In Niazsons (K) Ltd vs China Road & Bridge Corporation  KLR 12, the Court of Appeal held that in deciding whether or not to stay proceedings pending reference of the dispute for determination by arbitration under Section 6(1) of the Arbitration Act 1995, the court is obliged to consider, firstly, whether the applicant has taken any steps in the proceedings other than the steps allowed under the section, secondly, whether there are any legal impediments to the validity, operation or performance of the arbitration agreement and finally, whether the suit is indeed concerned with a dispute agreed to be referred for determination by arbitration.
The agreement that is the subject of the dispute between the plaintiff and the defendants is in respect of a sale of a residential flat. The agreement is dated 30th May 2007. It was entered between the plaintiff and the 1st defendant. In the said agreement, the 1st defendant sold to the plaintiff a flat known as Apartment No.A5 situate on LR. No.330/667. The flat was sold at a purchase consideration of Kshs.7.7 million. The plaintiff paid 10% of the purchase consideration. It was agreed that the balance of the purchase consideration would be paid within fourteen (14) days from the date a certificate of practical completion would be issued by the architect. It appears that the 1st defendant failed to disclose to the plaintiff that the property had been mortgaged to the 2nd defendant to secure certain funds which were used to develop the property.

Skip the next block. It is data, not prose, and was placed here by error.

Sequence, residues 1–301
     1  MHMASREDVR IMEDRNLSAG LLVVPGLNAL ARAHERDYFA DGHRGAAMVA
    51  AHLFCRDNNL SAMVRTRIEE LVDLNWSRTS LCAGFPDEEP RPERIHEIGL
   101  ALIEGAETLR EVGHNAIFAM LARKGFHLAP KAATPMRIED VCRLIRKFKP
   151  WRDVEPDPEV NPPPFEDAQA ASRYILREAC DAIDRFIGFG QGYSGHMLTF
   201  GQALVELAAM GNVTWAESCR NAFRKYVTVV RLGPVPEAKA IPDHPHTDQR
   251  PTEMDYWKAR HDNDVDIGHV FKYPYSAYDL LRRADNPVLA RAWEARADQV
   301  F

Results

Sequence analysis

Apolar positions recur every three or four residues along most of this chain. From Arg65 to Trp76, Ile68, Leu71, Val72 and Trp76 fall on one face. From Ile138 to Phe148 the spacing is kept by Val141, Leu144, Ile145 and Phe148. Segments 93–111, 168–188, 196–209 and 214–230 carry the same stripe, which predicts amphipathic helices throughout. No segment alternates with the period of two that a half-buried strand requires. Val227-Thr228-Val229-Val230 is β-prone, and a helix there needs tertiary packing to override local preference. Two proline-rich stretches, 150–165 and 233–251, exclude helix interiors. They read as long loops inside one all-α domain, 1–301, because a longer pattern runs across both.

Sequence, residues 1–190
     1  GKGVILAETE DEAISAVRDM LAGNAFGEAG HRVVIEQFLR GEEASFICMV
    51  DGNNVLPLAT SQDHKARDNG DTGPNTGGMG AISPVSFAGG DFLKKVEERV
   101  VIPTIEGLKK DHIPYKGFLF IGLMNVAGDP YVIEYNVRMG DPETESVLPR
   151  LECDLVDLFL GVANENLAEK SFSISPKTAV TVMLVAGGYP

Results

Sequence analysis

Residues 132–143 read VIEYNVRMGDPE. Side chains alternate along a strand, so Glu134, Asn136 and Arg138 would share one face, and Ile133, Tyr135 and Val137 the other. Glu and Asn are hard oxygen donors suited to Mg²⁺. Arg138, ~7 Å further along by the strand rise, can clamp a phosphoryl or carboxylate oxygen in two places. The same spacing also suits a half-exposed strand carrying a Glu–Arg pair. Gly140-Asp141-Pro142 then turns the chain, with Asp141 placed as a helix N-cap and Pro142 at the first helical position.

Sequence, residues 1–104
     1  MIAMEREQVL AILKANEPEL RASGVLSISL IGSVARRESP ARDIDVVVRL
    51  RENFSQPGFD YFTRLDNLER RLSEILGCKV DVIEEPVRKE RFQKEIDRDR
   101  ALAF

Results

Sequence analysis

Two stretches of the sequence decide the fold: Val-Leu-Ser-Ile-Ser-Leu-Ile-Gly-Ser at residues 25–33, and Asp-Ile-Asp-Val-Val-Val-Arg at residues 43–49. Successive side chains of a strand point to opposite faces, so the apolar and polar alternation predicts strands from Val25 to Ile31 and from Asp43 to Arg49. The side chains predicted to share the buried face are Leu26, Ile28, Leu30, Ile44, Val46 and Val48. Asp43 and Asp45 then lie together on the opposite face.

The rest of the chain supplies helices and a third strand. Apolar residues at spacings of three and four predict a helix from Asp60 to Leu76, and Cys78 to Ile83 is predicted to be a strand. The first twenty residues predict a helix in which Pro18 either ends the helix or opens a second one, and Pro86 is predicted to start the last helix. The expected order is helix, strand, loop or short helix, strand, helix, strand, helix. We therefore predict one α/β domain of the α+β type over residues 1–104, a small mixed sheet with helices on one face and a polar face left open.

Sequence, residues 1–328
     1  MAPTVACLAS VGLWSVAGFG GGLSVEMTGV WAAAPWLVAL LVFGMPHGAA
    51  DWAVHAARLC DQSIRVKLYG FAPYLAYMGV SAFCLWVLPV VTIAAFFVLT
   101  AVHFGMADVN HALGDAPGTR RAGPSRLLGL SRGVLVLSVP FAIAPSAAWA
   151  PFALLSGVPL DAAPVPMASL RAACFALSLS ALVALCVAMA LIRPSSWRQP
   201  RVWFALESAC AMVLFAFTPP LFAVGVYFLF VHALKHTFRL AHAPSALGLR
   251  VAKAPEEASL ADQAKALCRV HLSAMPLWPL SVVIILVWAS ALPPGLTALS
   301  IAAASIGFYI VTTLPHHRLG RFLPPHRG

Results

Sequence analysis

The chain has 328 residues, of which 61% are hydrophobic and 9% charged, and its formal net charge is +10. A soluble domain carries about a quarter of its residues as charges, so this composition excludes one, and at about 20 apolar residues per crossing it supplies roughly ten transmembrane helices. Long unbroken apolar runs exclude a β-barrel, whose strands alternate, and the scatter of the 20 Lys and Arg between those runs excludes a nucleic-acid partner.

According to the 2nd defendant, the 1st defendant was required to secure its consent before it purported to sell any of the flats in the suit property. In that respect, the 2nd defendant is of the view that the agreement between the plaintiff and the 1st defendant is null and void. According to the plaintiff, contrary to the agreement entered between herself and the 1st defendant, the 2nd defendant had purported to unilaterally increase the purchase consideration of the apartment. The plaintiff is apprehensive that unless the court intervenes, she would be deprived of the apartment. It was in that regard that she filed the present suit. The 1st defendant does not wish the matters in dispute to be determined by this court in light of what it considers to be a valid arbitration clause in the agreement.